A A Email Print Share

Environmental Science

Environmental scientists study the effects of humans, industry, production, and other sources of pollution on nature and the environment. Many of these professionals also do advocacy work, trying to curb as much environmental damage to nature, wildlife, and people as possible.  Many students are drawn to this field of science because they genuinely want to maintain and improve the environment.  Individuals in the environmental science profession work to find new ways to conserve and to improve the ways we use energy and natural resources.

Employers

Academic institutions

 

Chemical manufacturers

Conservation organizations

Environmental consulting

Environmental public relations

Environmental research

 

Film-makers

Food manufacturers

Insurance industry

Libraries

Museums

Pharmaceuticals

Recycling centers

Testing labs

Travel and Tourism

Zoos and aquariums

Government Agencies

Bureau of Land Mgmt Food & Drug Admin. Natural Resources Conservation Svc
Bureau of Reclamation Federal/state/local parks Soil & Water Conservation Districts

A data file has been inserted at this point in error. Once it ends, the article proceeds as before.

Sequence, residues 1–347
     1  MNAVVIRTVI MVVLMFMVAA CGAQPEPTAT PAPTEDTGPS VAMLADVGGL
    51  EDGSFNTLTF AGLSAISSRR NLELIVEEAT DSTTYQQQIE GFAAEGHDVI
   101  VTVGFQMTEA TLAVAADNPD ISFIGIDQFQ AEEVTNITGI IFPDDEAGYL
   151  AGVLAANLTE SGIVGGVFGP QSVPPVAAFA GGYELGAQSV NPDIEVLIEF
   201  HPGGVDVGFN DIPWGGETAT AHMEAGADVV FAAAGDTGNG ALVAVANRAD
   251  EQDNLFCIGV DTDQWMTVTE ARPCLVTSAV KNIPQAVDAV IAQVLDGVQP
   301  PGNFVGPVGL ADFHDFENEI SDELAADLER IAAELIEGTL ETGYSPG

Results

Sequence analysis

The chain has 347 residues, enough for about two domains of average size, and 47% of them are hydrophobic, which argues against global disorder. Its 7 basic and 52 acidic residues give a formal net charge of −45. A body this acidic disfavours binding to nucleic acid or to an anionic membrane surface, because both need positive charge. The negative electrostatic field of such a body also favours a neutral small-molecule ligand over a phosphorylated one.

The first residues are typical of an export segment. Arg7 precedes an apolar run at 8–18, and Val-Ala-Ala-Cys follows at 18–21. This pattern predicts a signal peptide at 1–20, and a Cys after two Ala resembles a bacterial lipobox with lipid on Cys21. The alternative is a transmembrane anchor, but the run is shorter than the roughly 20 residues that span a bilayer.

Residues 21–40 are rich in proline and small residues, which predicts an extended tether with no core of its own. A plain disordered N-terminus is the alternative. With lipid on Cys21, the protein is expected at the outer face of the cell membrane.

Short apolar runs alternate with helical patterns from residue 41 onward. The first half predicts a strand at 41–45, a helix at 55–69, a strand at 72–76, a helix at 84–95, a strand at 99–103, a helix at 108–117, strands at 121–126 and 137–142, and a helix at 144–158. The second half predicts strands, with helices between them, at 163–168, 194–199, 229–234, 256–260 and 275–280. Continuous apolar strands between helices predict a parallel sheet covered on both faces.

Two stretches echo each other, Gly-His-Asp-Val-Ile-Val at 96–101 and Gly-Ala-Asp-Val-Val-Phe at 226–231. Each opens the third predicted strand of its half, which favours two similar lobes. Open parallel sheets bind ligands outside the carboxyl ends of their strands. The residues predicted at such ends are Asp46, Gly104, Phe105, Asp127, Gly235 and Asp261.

Forest Service OSHA State/county environmental agencies
Dept of Interior Public Health Service Federal Environmental Protection Agency
Peace Corps State/county health depts Federal/state Fish and Wildlife depts.
Vista National Science Foundation

 

Coursework Strategies

  • Take related courses in physical science, chemistry, mathematics, hazardous-waste, soil science, aquatics, geology, hydrogeology, oceanography.
  • Develop your computer skills and gain business knowledge by taking courses in business, finance, marketing or economics
  • Pushing yourself to take writing and public speaking classes to develop your oral and written communication skills and build the confidence needed to communicate professionally.

Community-centered Strategies

  • Be aware of current environmental issues including policy, conservation, and industry trends
  • Stay current on technology used in natural resource management including software, geographical information and global positioning systems.
  • Participate in undergraduate research programs
  • Seek experience through internships and part-time jobs along with participation in related clubs, student and professional organizations, and volunteering.
  • Be aware of certification programs in your area of interest and become familiar with the federal job application procedure.